It was a whirlwind 24 hours for Rudy Giuliani, Donald Trump’s top personal lawyer. It began Thursday evening, when Giuliani told the New York Times he was going to Kiev on behalf of his client, and it ended Friday night when he said on Fox News that he was not headed to Ukraine after all.
In the intervening time, Giuliani set off a flurry of questions from the media and condemnations from Trump’s political opponents.
The entire ordeal captured in a bottle Giuliani’s unique role in Trump’s loose inner circle: both public advocate and provocateur, floating theories and schemes designed to sow doubt about the truth, all in the service of Trump’s own interests. It was also a showcase for Giuliani’s freelance, catch-as-catch-can approach to being a Trump attack dog.
Why was Giuliani going to Ukraine? He planned to meet with the country’s president-elect to encourage him to pursue two matters of interest to Trump: restarting an investigation into a Ukrainian company linked to the son of leading 2020 Democratic candidate Joe Biden, and looking into whether Ukrainians worked with Democrats to prompt the FBI investigation into Trump’s former campaign chair, Paul Manafort.
Wasn’t this encouraging a foreign power to influence a US election?
Nonsense, Giuliani told CNN Friday morning, because the 2020 election was still 18 months away. And besides, he told the Times: “We’re not meddling in an election, we’re meddling in an investigation, which we have a right to do.”
Why did Giuliani cancel his trip? He told CNN on Saturday that “the meeting would have accomplished little and may be in the hands of those who might misrepresent it.” He complained throughout the 24-hour period that the media refused to cover his version of events and that this contributed to his decision to cut the trip short.
News of the cancelation came hours after Trump told Politico in an interview that he planned to speak with Giuliani about the trip.
The Biden campaign called Giuliani’s now-scrapped trip an “attempt at a blatantly political smear.”
They pointed CNN to a long list of Democrats, including Rep. Adam Schiff and Sen. Chris Murphy, who have pushed back on Giuliani and the Biden-Ukraine story in general.
“It’s great to see all these strong progressive voices stand up to this attempt at a blatantly political smear which in and of itself reflects the urgent need for change and to restore the soul of the country,” a Biden campaign official told CNN.
Changing his story
One hallmark of Giuliani’s work for Trump is his shifting explanations, which can make following his story difficult. A week ago, for instance, Giuliani claimed to CNN he was done looking into any potential wrongdoing by Biden in connection to the Ukrainian company.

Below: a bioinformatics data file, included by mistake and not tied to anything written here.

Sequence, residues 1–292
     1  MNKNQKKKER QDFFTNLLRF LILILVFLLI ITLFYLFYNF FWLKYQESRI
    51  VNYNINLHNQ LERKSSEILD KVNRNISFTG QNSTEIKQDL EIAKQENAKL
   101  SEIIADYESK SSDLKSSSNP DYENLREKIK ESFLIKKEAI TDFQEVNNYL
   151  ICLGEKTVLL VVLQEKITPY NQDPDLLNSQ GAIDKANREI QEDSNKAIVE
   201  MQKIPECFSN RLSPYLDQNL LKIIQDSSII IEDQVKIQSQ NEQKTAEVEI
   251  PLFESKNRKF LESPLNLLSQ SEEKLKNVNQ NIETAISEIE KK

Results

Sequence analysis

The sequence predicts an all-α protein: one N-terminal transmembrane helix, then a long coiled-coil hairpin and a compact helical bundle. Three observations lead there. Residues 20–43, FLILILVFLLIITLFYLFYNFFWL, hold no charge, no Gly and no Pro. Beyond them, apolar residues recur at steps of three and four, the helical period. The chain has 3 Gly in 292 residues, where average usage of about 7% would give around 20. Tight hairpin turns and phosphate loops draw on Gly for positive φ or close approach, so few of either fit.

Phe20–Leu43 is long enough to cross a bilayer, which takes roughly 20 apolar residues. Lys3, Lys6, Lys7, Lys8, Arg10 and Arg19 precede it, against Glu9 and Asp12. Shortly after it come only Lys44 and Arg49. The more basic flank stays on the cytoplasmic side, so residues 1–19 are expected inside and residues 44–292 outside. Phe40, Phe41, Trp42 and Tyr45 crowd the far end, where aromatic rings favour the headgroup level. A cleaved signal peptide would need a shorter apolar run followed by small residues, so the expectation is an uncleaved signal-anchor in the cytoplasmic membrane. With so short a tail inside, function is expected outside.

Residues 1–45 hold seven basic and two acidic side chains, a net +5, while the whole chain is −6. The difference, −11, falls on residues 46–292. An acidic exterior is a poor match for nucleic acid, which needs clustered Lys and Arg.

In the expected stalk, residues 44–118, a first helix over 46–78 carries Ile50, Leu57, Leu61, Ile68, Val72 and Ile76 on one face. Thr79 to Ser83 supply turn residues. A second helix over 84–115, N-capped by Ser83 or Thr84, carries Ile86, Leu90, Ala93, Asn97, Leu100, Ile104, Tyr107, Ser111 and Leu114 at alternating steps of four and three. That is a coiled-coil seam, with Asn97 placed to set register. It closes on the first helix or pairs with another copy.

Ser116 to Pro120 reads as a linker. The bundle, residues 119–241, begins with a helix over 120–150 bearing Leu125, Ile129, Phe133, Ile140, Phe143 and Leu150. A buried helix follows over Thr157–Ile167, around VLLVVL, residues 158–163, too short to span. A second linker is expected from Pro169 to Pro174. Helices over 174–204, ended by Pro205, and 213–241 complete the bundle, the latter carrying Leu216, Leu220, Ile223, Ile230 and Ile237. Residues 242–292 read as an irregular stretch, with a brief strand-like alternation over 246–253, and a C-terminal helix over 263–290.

“I’m not working on this anymore. I stopped working on it a month ago,” he said.
But in the following days, he continued to discuss with CNN his questions about Biden’s role in 2016 in pushing for the ouster of Ukraine’s top prosecutor, who had been investigating the company on whose board Hunter Biden sat from 2014 to early 2019.
Giuliani produced no evidence beyond this that the former vice president had done anything wrong but suggested the trip to Ukraine could help encourage the government there to restart its investigation. He also continued to urge the Justice Department to conduct its own investigation into Biden.
“If he’s not guilty or it’s not provable, they should get it out of the way now,” Giuliani told CNN last week.
Just asking questions
But there’s plenty to suggest Giuliani was more interested in raising the potential issue of Biden’s wrongdoing than providing evidence for it. Asked several times in the past week to show CNN transcripts of his interviews with Ukrainian officials and documentation he says shows the Ukrainians were actively investigating the younger Biden and his company in 2016, Giuliani declined.
And by pushing a circumstantial but incomplete story – first through a May 1 article in the New York Times, then in his revelation of his now-aborted trip to Ukraine a week later – Giuliani had succeeded in keeping the topic alive. By Friday afternoon, Trump was even discussing the possibility of asking the attorney general to look into it, telling Politico that “certainly it would be an appropriate thing to” discuss.
He also said he had not yet spoken to Giuliani about his lawyer’s plans to go to Kiev, which Giuliani would cut short a few hours later, but that he was interested in the trip.
“I will speak to him about it before he leaves. I’m just curious about that,” Trump said, adding he has “not spoken to (Giuliani) at any great length” on the subject.
Whether he was chastised by the President, scared off by the charge he was seeking to meddle, or had never intended to go to Kiev in the first place, Giuliani won’t say. He tells CNN that his other reason for traveling there – for a long-planned private speech – has been postponed.
CNN’s Arlette Saenz contributed to this report.